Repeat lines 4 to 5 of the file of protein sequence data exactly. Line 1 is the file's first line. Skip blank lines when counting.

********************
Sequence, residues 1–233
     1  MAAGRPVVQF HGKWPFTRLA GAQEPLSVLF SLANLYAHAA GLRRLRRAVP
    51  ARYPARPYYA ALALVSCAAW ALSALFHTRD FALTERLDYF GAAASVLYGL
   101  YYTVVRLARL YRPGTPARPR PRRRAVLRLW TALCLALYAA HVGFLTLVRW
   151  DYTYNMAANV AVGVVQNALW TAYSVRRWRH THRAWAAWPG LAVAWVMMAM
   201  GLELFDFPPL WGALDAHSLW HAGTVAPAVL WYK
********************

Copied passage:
   101  YYTVVRLARL YRPGTPARPR PRRRAVLRLW TALCLALYAA HVGFLTLVRW
   151  DYTYNMAANV AVGVVQNALW TAYSVRRWRH THRAWAAWPG LAVAWVMMAM